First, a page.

TULSA, Okla. — This Tuesday it has been 101 years since the Tulsa Race Massacre, an event that changed Greenwood and North Tulsa forever.
2022 might lack the crowds of people and national media outlets of 2021, but the people of Greenwood said the stories of what happened in 1921 should not be forgotten.
It’s stories like these that descendant Cleo Harris hopes to keep passing down.
“My great grandfather, he kind of died a bitter man. I understand why he was like that because of what happened down here. So that’s something that I’m just now being able to talk about. Because it is tragic, you do feel the pain of your relatives down here when it was thriving.”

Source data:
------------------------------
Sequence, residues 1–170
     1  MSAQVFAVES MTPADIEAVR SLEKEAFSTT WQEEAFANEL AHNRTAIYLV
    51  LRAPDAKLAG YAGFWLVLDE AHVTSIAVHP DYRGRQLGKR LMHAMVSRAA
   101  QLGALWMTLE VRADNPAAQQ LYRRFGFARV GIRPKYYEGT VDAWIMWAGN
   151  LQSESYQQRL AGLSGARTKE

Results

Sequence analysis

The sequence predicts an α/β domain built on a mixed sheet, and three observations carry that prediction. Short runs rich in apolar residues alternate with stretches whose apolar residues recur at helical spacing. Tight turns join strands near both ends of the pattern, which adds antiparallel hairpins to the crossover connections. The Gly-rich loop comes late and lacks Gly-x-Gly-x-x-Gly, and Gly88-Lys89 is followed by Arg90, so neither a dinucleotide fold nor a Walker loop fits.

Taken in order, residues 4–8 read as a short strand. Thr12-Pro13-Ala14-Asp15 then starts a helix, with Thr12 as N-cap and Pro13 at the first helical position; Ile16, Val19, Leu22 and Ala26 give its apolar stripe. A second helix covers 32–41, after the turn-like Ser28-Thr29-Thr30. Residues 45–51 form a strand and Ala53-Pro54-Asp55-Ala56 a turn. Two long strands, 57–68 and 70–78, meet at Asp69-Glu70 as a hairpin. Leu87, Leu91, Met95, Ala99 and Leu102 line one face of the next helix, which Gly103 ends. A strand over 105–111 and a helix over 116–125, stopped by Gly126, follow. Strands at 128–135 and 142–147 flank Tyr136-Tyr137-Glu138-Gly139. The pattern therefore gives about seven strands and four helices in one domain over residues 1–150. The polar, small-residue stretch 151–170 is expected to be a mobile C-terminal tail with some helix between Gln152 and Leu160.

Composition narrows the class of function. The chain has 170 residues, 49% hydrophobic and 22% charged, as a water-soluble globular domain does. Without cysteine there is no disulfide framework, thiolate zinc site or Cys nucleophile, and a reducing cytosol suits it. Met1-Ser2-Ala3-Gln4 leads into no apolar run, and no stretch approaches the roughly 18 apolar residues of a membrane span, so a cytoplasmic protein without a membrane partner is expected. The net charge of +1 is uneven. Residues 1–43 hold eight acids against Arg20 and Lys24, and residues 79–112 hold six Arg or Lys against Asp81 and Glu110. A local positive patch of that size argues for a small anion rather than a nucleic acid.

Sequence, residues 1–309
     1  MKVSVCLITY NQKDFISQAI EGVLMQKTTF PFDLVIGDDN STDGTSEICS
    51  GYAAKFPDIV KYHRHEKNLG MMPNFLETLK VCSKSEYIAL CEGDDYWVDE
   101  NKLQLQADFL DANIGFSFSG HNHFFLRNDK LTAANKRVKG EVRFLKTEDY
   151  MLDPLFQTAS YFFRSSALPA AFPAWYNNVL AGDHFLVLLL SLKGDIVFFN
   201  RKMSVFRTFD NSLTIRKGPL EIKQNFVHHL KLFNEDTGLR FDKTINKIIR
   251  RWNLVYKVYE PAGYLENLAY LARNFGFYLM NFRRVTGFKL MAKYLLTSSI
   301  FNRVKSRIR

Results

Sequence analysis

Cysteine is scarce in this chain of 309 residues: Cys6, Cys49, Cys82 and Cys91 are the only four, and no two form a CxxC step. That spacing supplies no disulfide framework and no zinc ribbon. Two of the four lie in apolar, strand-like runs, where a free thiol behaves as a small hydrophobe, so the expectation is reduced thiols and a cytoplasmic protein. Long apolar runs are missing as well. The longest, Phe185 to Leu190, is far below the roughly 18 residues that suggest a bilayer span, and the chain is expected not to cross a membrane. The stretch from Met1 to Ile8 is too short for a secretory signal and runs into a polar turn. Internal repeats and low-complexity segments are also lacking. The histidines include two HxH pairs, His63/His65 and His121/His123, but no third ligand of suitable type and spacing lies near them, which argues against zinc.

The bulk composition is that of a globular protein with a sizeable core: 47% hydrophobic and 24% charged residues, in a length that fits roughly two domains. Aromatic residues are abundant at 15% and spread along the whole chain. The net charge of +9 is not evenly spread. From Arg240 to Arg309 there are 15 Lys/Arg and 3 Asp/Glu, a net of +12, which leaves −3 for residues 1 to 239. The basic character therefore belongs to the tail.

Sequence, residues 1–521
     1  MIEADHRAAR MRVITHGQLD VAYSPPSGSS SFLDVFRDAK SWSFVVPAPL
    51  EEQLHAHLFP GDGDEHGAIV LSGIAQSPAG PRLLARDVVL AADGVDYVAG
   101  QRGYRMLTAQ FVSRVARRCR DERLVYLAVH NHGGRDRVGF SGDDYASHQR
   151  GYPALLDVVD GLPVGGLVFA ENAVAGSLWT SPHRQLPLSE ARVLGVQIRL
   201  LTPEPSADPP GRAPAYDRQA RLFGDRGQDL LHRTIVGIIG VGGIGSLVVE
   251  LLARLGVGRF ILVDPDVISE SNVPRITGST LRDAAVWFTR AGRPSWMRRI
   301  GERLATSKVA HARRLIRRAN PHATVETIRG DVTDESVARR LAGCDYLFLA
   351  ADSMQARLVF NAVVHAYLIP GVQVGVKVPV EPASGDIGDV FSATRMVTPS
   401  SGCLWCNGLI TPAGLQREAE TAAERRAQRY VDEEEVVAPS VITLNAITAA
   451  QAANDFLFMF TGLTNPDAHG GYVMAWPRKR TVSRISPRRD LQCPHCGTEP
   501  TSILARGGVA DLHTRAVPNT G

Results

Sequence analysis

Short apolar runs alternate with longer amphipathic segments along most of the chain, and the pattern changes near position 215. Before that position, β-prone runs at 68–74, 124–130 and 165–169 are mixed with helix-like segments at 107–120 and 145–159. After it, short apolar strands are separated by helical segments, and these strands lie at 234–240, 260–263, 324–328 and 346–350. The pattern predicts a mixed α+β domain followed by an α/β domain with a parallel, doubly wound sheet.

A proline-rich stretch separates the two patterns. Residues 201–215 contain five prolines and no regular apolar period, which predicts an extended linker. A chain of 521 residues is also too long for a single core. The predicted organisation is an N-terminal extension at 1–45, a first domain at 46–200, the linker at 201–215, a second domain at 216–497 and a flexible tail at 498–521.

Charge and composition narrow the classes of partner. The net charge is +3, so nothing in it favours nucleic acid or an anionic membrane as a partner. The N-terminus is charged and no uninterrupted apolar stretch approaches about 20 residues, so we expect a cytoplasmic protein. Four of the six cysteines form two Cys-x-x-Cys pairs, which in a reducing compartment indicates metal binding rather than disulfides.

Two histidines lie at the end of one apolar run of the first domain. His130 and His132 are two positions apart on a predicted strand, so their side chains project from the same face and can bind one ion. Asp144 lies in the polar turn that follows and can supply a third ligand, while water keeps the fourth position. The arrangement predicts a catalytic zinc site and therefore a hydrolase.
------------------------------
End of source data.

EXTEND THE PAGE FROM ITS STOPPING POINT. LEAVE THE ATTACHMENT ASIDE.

Harris said it’s because of this, he continues to fight for justice today.
“I’m trying to keep that legacy alive by standing for reparations, not just here, but in America.”
Over the weekend, during the Black Wall Street Legacy Festival, Organizer Chief Egunwale Amusan said it’s important not to stop as the public nuisance lawsuit against the City of Tulsa for reparations moves forward.
“Think about the history of this and how silent it’s been, when it related to history. The historic injustice of not even knowing about this event, what this does it helps provide momentum.”
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